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Scherzer roughed up as Nats drop second straight to Cubs

Scherzer roughed up as Nats drop second straight to Cubs

Postgame analysis of the Nats' 8-6 loss to the Chicago Cubs on Friday afternoon at Wrigley Field:

How it happened: After the Nats enjoyed a brief 2-0 lead highlighted by a first-inning solo home run by Anthony Rendon, Max Scherzer's homer problem reared its ugly head once again. 

The barrage began in the second inning when Tommy La Stella took Scherzer deep to tie it up at 2-2. Two innings later, the 31-year-old right hander allowed back-to-back solo shots to Anthony Rizzo and Nats-killer Ben Zobrist. It got worse as Zobrist hit his second of the day, this time a three-run homer, making it 7-2 Cubs and essentially ending Scherzer's outing. 

The Nats wouldn't go away, however, putting together a four-run rally in the eighth thanks to a two-run double by Jayson Werth and a two-run home run by Wilson Ramos. But like Thursday night's loss, it was too little, too late. 

What it means: The Cubs are good. Really, really good. The Nats, while off to a solid start themselves, aren't yet in the class of the North Siders, whose run differential now sits at a ridiculous +98. With Washington dropping the first two games of this marquee series, it is now 5-3 on this 10-game road trip. 

Scherzer gets roughed up: The Nats' $200 million man turned in his worst start of the season against the Cubs — and perhaps the worst start of his tenure in D.C. Scherzer's home run issues continued Friday afternoon, as he yielded four long balls —tied for his career-high in a single start — en route to allowing seven earned runs over five innings.

Scherzer's struggles have gotten to the point where it's hard to ignore that something's just not right. For one, Friday's outing represented the most runs he'd allowed since joining the Nats in 2015. Secondly, he now leads the majors in home runs allowed with nine. And if that isn't enough, he's also having trouble with the strike zone: He's already issued 15 walks in his first seven starts, nearly half of last season's total of 34. 

Murphy's back at it again: The silver lining in Friday's tough loss is that Daniel Murphy is continuing his scortching start to the season. After going hitless Thursday night, the Nats second baseman rebounded big time by going 4-for-4 on the afternoon to raise his batting average to an MLB-leading .406. It feels like this can't last all season, but a month into the season, he hasn't found himself in anything remotely resembling a slump. It's unlikely that Murphy's the next incarnation of Ted Williams, but it's safe to say the Nats may have gotten a bargain when they signed him last winter at three years, $37.5 million. 

What's next: The Nats will hope the third game in this four-game set is the charm as they'll send Gio Gonzalez (2-1, 1.15 ERA) to the mound on Saturday afternoon to oppose the Cubs' Jason Hammel (4-0, 1.24 ERA). 

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With Ross placed on 60-day DL, Nationals agree to 1-year deal with veteran reliever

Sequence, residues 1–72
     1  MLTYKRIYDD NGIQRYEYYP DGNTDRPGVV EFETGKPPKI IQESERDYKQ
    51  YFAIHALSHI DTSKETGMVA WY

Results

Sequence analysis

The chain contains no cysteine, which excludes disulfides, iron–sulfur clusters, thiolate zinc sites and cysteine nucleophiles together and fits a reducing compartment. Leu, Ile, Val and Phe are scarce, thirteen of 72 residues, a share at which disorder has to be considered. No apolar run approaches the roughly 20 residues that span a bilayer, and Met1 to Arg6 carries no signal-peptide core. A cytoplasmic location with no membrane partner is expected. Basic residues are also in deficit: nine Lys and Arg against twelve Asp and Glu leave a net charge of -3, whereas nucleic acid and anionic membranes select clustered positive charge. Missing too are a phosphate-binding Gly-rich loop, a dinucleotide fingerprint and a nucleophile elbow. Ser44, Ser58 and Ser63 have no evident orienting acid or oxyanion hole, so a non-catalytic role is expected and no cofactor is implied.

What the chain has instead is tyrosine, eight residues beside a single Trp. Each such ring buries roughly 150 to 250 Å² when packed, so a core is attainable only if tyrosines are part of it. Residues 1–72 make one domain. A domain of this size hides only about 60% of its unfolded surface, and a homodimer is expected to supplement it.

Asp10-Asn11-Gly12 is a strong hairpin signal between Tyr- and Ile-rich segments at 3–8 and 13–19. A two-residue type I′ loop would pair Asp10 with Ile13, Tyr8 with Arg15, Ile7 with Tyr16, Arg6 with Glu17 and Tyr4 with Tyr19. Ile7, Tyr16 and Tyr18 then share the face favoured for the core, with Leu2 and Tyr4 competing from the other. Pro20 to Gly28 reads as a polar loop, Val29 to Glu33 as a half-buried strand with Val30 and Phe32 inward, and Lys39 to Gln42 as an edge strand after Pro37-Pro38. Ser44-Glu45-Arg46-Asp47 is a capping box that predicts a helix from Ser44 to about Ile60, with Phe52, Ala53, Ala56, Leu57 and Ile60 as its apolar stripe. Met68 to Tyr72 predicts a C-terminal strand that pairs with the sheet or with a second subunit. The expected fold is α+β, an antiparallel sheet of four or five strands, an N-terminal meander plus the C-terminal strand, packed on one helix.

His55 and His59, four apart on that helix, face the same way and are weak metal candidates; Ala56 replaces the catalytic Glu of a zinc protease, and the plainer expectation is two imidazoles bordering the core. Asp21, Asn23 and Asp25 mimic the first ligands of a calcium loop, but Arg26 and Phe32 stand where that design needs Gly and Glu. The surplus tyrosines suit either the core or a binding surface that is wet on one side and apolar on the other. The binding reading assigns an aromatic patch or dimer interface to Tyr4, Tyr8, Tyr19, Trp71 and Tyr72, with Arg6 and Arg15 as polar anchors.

With Ross placed on 60-day DL, Nationals agree to 1-year deal with veteran reliever

WASHINGTON  -- The Washington Nationals say they have agreed to a one-year deal with 40-year-old reliever Joaquin Benoit.

The team announced the move Wednesday, along with placing pitcher Joe Ross on the 60-day disabled list as he recovers from Tommy John surgery in July.

The Nationals didn't release terms of the agreement, though a person with knowledge of the deal told The Associated Press on Monday that it was for $1 million.

The person spoke to the AP on condition of anonymity because the deal wasn't official at the time.

MORE NATIONALS: FULL 2018 SPRING TRAINING SCHEDULE

Benoit is a right-hander who first reached the big leagues in 2001. 

He has played for eight teams, finishing last year with Pittsburgh.

He has 764 career appearances, going 58-49 with a 3.83 ERA and 53 saves.

RELATED: 2018 MLB BETTING ODDS

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It's Day 1 of spring training and Bryce Harper is already done taking questions regarding his future

It's Day 1 of spring training and Bryce Harper is already done taking questions regarding his future

So if you have not heard, Bryce Harper is going to be an unrestricted free agent at the end of the 2018 season.

All off-season talking heads, baseball aficionados, radio hosts, etc. were speculating on where the outfielder’s destination will be next year.

And we are still a year away from it actually happening.

RELATED: VEGAS SETS OVER/UNDERS FOR 2018 MLB SEASON

Reporting to spring training on Monday, Harper did not waste any time telling the media how his press conferences were going to play out this season.

“If guys do [ask], or talk anything about that, I will be walking right out the door.”

Entering his seventh season with the Washington Nationals, the 25-year-old is coming off the second-best season, statistically, of his career. The 2015 NL MVP has hit .285 in his career, with 150 home runs and 421 RBIs. Unquestionably he is the face of the Nationals’ organization, if not, the best player in the team’s history.

If he does end the season without a contract extension, he will join Rafael Palmeiro, Alex Rodriguez, Randy Johnson, and Barry Bonds as the top sought out free agents in MLB history.

One thing is for certain in terms of Harper’s free agency; Harper has given no inclination on where his landing spot will be.  The top three cities are of course his favorite childhood team, the New York Yankees; joining with one of his closest friends with the Chicago Cubs; or just staying with Washington.

Wherever he does land, it does appear that it will be the largest contract given to a free agent ever.

As for now we just wait and direct any of your calls to his agent Scott Boras.

READ ALSO: NATIONALS FULL SPRING TRAINING SCHEDULE